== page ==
In what is bound to reignite the controversy over the wisdom of abolishing the Jersey City Parking Authority, the city has received unanimous approval from the State Local Finance Board to undertake the change.
Mayor Steven Fulop is committed to dissolving the agency and has a majority vote on the City Council to merge the parking authority with the Department of Public Safety, which currently oversees police and fire departments in the city.
The change would save the city $2.5 million in operation costs, and would allow the city to use Parking Authority assets such as its Central Avenue building.
“Dissolving the Parking Authority and merging parking enforcement into the Department of Public Safety will not only save taxpayer dollars, but will also greatly improve efficiency.” – Mayor Steven Fulop
“Dissolving the Parking Authority and merging parking enforcement into the Department of Public Safety will not only save taxpayer dollars, but will also greatly improve efficiency,” said Mayor Fulop. “We are pleased the Local Finance Board unanimously approved this measure and look forward to working with the Parking Authority board and the City Council on the next steps toward streamlining this service for the benefit of residents and taxpayers.”
“The Finance Board’s approval is an exciting step forward on the road toward improving accountability and bolstering the important but often unsung services that the authority’s hard-working officers and employees provide for our city,” said Parking Authority Chairman Dana Eisenberg.
The integrating of autonomous agencies into the city government was a campaign initiative from Mayor Fulop, who said the elimination of autonomous agencies will cut costs, improve accountability and streamline services. In the case of the Jersey City Parking Authority, parking enforcement will fall under a traffic and parking division within the Jersey City Public Safety Department. Further, parking enforcement personnel will have additional ticketing abilities to enforce quality of life issues.
Parking Authority Chairman John Tarantula, however, has appealed to the matter to Department of Community Affairs Commissioner Richard Constable, citing a possible conflict of interest by Weiner Lesniak, the firm the city hired to issue a report on the benefits of the merger, noting that the firm’s partner, Ray Lesniak, serves as a state senator and votes on the financing of the Local Finance Board.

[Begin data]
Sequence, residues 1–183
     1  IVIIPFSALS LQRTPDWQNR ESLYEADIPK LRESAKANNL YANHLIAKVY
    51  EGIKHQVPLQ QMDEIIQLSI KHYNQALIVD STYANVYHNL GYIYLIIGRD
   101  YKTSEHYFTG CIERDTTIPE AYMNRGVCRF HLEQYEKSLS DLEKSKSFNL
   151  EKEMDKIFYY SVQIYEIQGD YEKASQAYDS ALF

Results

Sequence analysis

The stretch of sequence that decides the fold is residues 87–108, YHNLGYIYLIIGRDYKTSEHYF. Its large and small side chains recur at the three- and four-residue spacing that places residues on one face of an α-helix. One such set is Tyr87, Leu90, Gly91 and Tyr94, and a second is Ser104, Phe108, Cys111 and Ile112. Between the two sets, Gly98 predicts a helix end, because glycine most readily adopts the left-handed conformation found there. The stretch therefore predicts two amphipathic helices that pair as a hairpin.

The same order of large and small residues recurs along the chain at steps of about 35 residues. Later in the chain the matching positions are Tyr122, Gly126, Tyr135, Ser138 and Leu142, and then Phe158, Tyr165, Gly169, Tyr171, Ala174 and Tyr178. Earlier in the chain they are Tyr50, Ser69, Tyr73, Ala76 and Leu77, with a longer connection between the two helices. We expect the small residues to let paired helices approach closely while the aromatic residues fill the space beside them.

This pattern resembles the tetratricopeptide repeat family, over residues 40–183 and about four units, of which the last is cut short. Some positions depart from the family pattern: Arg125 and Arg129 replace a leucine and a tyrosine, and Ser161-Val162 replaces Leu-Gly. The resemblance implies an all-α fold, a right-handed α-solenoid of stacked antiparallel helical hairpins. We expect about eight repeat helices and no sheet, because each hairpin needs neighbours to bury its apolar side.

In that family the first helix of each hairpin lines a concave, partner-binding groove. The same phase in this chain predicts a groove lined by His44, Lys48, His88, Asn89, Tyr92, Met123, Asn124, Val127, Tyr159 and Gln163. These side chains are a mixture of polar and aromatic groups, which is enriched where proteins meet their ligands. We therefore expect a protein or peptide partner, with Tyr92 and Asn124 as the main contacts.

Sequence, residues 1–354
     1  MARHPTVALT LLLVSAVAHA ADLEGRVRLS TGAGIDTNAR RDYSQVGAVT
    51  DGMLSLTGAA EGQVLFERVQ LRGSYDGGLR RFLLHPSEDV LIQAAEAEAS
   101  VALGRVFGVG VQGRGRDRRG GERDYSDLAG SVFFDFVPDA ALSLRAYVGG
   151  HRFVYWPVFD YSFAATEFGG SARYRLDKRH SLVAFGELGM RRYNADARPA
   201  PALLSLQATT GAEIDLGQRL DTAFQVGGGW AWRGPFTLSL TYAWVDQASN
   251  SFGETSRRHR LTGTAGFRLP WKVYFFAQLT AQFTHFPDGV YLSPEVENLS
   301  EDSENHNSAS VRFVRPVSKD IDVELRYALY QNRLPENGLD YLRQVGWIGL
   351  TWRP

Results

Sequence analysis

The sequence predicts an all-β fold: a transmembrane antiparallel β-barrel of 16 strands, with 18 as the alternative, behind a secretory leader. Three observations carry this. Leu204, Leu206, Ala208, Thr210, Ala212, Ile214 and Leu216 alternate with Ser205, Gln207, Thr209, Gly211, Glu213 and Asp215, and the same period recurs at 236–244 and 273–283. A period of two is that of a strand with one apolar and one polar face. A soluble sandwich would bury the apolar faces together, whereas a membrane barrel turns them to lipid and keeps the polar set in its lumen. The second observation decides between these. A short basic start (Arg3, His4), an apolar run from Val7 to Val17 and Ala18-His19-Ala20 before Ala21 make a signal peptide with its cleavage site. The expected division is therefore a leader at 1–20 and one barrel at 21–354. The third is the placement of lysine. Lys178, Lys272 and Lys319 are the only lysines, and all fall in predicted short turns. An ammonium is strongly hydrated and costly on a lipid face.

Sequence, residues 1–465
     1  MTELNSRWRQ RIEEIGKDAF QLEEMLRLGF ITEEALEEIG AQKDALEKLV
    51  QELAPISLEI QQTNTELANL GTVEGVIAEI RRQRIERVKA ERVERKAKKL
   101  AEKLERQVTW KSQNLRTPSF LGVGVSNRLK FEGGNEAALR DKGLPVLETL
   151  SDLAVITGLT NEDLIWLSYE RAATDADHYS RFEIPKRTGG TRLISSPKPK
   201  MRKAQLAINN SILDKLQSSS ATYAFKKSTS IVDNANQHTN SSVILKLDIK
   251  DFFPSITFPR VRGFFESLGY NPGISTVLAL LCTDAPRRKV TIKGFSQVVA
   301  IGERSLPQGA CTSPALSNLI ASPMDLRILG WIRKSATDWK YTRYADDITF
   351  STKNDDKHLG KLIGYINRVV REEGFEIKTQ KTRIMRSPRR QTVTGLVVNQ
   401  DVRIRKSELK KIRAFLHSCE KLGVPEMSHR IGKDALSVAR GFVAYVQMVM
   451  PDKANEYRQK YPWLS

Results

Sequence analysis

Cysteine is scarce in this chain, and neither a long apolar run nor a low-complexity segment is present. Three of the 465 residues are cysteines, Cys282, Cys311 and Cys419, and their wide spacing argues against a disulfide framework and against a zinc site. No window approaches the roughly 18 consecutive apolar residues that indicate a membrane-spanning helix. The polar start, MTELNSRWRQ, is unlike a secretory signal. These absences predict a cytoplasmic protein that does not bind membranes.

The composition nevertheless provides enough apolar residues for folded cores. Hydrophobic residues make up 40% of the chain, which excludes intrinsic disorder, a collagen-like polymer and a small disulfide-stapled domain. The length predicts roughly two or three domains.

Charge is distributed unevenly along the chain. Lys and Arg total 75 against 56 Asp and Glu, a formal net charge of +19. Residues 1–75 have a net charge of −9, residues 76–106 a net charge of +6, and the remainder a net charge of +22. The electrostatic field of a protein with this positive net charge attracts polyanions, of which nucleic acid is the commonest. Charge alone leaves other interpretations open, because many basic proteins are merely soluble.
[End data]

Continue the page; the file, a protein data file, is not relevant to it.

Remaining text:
Councilmembers Richard Boggiano and Michael Yun questioned the report issued by the firm, saying that it provided no information as to any negative consequences resulting from the merger.
Tarantula said some of the claims for abolishing the Parking Authority were not accurate.
“The administration said the JCPA carries a debt of $20 million for uncollected tickets. That is incorrect. It is the municipal court and the city that are responsible for collecting unpaid tickets,” he said. “The additional $6 million debt which has been referred to is largely the bond payments due for the purchase of our office at 394 Central Ave., and is based upon a 20 year payment plan like most loans have.”
Tarantula was critical of the city for continuing to rent elsewhere when it had options to use Parking Authority spaces.
The city was originally scheduled to set up offices in the Parking Authority building, something that it opted not to do until recently.
The City Council recently approved a resolution that would lease space in the Central Avenue building. But the city is also making other moves to consolidate offices that are scattered throughout the city.
The city’s shifting of municipal offices continues
As of the beginning of April, many city departments that were previously scattered over numerous locations relocated at a new campus at 199 Summit Ave. just south of Montgomery Street, city officials said.
This continues the mayor’s consolidation plan, and according to Fulop will save the city about $18,000 a year in rent and parking costs.
“One of the goals outlined in our transition report was to have all city health services in one location and this is a move in that direction,” the mayor said. “This new Community Health Campus will not only benefit community members with more centralized services, but will also provide for a more efficient delivery of services.”
By having multiple offices and clinics in one location, employees will be cross-trained in certain services and will be able to streamline operations and reduce duplication of work. The new Community Health Center will also feature an education center, vegetable garden beds, and a local Jersey Fresh farm stand.
The offices located at the new location include the Office of Senior Nutrition Services, the Health Education Unit, the Bureau of Animal Control, the Office of Licensing and Permits, the Health Investigations Unit, the Regional Environmental Health Inspectors Unit and General Administration.
Additional health department offices and clinics will be relocated from the HUB at 360 Martin Luther King Drive and 115 Christopher Columbus Drive to the Community Health Campus by the summer.
Currently, the city spends $480,000 a year in Health Department rents and parking costs. For 115 Christopher Columbus Drive the city spends $120,000 a year on rent, for the HUB the city spends $50,000 a year. At 1 Journal Square Plaza the city spends $240,000 a year in rent, and another $70,000 a year is spent on Health Department parking fees. When the move is complete and all offices are at the new Community Health Campus, the city will spend a total of $300,000 on rent and parking after grant funding is reimbursed.
Al Sullivan may be reached at email@example.com.